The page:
...and I had the taste for a robust Biere de Garde.
I picked up a 750-ml corked bottle of Ch'ti Brune a couple weeks ago and trying it out tonight. According to the brewery's website, this beer is made with roasted malts, but I don't taste any of the bitterness that can come from roasted grains. It is also aged for six weeks after primary fermentation at a near freezing temperature in stainless steel tanks. It's a fairly sweet beer, almost bock-like up front, but dry and a bit tart in the finish. Although I didn't get much of a pop from the cork, the beer poured a deep chestnut brown with plenty of carbonation. Once the foam settled (leaving behind some bits of lacing) I poked my nose in my tulip glass and discovered a pleasant musty "French basement" aroma combined with a touch of sourness. This beer tasted of dark dried fruits (prunes, raisins) with some oaky notes and then some caramel sweetness followed by the tart and rather dry finish. I've always enjoyed the Biere de Garde style of beer this time of year and this somewhat tawny example suits the cool, damp weather rather well.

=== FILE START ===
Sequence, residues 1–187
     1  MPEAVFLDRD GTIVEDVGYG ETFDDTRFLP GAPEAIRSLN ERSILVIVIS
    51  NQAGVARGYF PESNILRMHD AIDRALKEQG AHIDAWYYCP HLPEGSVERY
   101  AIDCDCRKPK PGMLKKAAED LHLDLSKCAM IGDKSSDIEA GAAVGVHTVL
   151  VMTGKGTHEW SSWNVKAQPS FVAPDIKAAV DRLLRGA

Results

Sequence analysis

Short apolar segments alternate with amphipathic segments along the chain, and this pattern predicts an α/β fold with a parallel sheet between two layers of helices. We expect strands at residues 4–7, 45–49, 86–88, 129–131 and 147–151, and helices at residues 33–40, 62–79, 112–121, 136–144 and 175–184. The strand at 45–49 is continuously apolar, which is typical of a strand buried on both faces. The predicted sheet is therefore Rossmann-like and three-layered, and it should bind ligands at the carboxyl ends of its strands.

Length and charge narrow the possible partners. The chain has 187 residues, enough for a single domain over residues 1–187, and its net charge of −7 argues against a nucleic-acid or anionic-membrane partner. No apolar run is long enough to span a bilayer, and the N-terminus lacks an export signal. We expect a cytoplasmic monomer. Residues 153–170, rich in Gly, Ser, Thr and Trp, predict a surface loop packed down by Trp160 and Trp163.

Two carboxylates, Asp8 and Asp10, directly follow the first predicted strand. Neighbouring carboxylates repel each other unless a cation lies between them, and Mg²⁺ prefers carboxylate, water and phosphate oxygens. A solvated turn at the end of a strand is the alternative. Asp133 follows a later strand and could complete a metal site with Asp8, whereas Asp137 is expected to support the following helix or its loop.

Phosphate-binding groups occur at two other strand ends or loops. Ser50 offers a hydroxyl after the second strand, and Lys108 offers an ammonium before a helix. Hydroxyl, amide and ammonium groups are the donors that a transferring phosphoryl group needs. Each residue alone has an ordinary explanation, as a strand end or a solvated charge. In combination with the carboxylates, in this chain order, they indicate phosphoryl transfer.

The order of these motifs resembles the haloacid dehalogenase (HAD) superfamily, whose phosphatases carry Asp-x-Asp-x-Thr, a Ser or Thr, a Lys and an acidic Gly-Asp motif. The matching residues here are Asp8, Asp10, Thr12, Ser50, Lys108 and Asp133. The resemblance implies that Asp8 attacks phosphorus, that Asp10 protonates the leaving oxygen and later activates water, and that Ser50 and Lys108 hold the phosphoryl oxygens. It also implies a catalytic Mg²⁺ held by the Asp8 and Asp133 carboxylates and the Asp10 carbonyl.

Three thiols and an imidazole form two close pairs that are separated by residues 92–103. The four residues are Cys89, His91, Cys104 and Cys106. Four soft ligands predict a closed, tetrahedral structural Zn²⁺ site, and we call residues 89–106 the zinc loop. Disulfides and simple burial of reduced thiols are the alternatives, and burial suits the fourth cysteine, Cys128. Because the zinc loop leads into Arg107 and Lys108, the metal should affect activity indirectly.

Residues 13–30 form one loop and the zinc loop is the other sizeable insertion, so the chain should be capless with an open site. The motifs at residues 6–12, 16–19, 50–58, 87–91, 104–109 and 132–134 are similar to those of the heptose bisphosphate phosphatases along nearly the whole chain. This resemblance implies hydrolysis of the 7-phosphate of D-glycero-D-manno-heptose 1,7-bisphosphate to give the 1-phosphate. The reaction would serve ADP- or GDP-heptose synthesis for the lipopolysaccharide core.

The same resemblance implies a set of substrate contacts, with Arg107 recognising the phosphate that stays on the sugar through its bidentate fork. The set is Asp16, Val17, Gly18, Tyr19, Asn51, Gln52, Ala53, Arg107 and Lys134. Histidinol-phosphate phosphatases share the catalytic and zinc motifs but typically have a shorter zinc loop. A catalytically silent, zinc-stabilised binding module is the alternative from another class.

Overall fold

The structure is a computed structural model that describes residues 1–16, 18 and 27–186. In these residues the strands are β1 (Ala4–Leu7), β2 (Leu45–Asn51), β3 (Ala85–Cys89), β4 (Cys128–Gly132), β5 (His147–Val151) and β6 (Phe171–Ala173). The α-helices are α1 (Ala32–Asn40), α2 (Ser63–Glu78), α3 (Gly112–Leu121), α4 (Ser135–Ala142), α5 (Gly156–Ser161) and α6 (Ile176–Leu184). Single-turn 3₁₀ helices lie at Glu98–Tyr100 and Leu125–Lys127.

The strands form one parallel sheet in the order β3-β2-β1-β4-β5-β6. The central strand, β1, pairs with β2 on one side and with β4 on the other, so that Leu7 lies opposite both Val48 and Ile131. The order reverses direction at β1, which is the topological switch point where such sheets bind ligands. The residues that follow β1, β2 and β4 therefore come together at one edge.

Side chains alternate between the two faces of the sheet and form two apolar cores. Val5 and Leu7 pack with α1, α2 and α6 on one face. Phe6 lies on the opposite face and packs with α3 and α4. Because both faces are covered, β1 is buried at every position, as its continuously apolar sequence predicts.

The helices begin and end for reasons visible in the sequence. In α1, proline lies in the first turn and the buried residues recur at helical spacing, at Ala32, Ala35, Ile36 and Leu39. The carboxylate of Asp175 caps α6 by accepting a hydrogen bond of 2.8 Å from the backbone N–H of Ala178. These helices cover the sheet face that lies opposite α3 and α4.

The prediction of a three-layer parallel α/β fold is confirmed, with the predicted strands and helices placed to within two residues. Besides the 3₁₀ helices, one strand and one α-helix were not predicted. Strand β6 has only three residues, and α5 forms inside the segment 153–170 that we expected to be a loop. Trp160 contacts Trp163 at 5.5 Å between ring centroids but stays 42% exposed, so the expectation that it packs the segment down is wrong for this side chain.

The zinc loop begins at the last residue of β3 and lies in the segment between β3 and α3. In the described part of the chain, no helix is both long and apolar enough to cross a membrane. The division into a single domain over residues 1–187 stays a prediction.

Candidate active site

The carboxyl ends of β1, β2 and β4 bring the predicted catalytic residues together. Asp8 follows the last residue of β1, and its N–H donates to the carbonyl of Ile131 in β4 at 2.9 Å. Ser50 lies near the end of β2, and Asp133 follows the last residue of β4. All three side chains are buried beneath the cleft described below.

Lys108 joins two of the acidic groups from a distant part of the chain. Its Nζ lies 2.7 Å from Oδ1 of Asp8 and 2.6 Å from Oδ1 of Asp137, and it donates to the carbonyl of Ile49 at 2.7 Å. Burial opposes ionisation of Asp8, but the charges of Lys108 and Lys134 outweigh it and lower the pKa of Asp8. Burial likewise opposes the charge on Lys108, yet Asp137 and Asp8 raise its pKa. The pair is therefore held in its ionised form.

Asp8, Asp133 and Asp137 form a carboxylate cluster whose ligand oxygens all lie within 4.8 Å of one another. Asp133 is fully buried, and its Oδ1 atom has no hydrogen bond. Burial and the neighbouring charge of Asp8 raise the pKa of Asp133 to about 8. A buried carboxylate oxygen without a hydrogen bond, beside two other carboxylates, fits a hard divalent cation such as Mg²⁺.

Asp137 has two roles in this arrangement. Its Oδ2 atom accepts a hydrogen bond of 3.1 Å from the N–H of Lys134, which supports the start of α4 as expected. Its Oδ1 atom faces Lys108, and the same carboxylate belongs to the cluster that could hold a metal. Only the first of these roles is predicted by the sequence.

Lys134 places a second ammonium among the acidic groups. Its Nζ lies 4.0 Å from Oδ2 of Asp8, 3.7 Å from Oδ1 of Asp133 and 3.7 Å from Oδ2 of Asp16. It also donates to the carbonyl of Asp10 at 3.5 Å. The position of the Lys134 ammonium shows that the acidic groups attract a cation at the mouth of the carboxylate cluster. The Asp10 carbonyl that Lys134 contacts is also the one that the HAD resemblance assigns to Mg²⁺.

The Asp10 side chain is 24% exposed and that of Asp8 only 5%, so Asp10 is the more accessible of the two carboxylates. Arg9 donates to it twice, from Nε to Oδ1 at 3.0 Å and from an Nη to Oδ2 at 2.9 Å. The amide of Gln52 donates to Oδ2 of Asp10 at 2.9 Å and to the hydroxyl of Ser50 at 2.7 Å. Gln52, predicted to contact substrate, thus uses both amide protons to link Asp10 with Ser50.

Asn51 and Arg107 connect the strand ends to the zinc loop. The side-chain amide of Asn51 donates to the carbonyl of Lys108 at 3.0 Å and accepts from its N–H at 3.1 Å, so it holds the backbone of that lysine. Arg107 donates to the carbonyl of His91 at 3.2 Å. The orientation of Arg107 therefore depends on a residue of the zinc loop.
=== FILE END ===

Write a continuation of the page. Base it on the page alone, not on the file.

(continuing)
The Ch'ti range of beers are made at a brewery in the village of Artois in Northern France, producing a moderately large amount of beer - 40,000 hectoliters - or about 34,000 U.S. barrels. The Ch'ti range includes a blonde, white, amber and triple. The blond appears to be the flagship beer which, according to the brewery's website, has been brewed since 1979 and is even available in mini-kegs! Pictured are Annick and Yves Castelain of the Brasserie Castelain which makes the Ch'ti range of beers. If the Ch'ti Brune is any example of the rest of the Ch'ti beers, I would definitely include a stop at the Castelain brewery or at least one of the Ch'ti Taverns if I ever make the trek to France.